The best budget effects pedals for electronic music production
When you buy a new synth or drum machine, guitar pedals are probably the last thing on your mind. However, their sound quality and creative potential are undeniable, so let’s check out some of the best budget effects pedals.
Not only are pedals relatively affordable, but they can help you create more distinctive sounds with your instruments. There is a clear difference between using the average monosynth dry, for example, and using it with two or three effects pedals chained together.
How to choose the best budget effects pedals
If you’re just looking to add a few mono effects in line on a single instrument, the method is simple. Doing things in mono is cheaper, but as your setup grows, you’ll find the most economical way to use effects pedals is to run them as parallel processors from the aux sends of a compact mixing desk. If you want your signal level optimized, this process requires additional tools like the Radial EXTC.
When you start to explore, the scope of effects available is staggering. From effects that add spatial dimensionality, vary the tonal character, or allow you to control the dynamics. We’ve selected a few to get you started that are not only affordable but offer value through versatility.
TC Electronic Flashback 2
The Flashback 2 is a two-in/two-out stereo delay and looper pedal with eight algorithms and three storage slots for saving your own patches.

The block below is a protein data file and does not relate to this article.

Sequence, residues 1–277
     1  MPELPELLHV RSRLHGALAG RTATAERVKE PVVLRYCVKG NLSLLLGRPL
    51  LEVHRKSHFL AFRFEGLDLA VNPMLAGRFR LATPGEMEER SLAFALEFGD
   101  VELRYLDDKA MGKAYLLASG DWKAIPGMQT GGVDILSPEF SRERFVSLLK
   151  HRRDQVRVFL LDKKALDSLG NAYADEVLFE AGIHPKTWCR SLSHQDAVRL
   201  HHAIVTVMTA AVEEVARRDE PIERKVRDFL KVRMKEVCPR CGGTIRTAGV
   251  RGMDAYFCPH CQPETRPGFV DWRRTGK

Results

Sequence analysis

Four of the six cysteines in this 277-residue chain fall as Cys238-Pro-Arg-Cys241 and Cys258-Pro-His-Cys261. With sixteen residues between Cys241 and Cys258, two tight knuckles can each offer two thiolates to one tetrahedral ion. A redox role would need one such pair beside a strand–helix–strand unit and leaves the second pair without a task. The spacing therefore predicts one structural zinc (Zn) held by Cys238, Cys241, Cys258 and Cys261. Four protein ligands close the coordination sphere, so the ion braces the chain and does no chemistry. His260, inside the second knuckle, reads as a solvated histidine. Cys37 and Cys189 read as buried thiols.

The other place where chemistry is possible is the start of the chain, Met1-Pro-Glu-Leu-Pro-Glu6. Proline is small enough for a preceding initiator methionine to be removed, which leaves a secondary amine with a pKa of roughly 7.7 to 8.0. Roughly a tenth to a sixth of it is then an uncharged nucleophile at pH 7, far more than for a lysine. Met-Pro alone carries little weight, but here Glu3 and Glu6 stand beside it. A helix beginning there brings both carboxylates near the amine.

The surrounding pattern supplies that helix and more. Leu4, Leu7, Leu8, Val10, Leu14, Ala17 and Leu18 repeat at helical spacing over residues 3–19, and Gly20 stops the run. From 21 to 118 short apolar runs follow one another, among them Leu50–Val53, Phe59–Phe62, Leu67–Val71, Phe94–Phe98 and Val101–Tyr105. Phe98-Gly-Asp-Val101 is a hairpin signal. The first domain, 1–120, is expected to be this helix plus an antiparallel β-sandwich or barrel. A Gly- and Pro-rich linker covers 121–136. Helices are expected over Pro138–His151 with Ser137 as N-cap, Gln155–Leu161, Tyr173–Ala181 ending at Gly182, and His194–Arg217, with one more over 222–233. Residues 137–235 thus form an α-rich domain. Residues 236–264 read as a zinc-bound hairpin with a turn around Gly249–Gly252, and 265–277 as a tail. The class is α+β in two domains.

The operation is easy enough to understand, and you have the added bonus of features like the app-controlled TonePrint preset system and the MASH footswitch giving you more dynamics. The range of sounds you can get is excellent for a pedal this size, and the inclusion of the algorithm modeled on the famous 2290 delay from the 1980s is undoubtedly welcome.
TC Electronic Hall of Fame 2
Like the Flashback, the Hall of Fame 2 is also a two-in/two-out effect with eight tweakable reverb types and three slots for custom TonePrint presets.
The MASH footswitch gives you more expression control, which is extremely useful if you’re planning to take the DAW-less route for creating and performing music. Overall, it’s a decent-sounding reverb that offers algorithms to suit both synths and drums.
Boss DS-1w Distortion
The trusty DS-1 has recently been added to the Boss Waza Craft line of pedals. It’s a sound we know and love on almost everything. From leads and basses to drums, and we’ve even heard it used on vocals by The Beastie Boys.
The DS-1w has two distortion modes: standard and custom. While standard gives you the original DS-1 sound, custom mode tightens the midrange, producing a more aggressive sound on some instruments. Read more about the DS-1w here.
Electro Harmonix Mod 11
As the name suggests the Mod 11 gives you eleven different modulation effects and tap tempo. If you’re not familiar with EHX, authentic tones are the name of the game.
Sure it might not be stereo, but these pedals sound great on synths and keys. If you’re looking for something with a slightly vintage edge, the Mod 11 is worth checking out.
Need to compress your leads and basslines? The Kinematic gives you a VCA compressor and controllable envelope filter in one simple device. Some might find it a little synth specific, as you can’t set your attack and release like some other pedals.
That being said, decent compressor pedals are pricey, and this provides three patch points for linking with other modular equipment. You can modulate the filter or level, and use the envelope to control another device, which expands the possibilities.
More about effects:
- Eurorack effects
- All about effects
- More pedals
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- TC Electronic Flashback 2: TC Electronic
- TC Electronic Hall of Fame 2: TC Electronic
- Boss DS-1w: Boss
- Electro Harmonix Mod 11: Electro Harmonix
- Dreadbox Kinematic: Dreadbox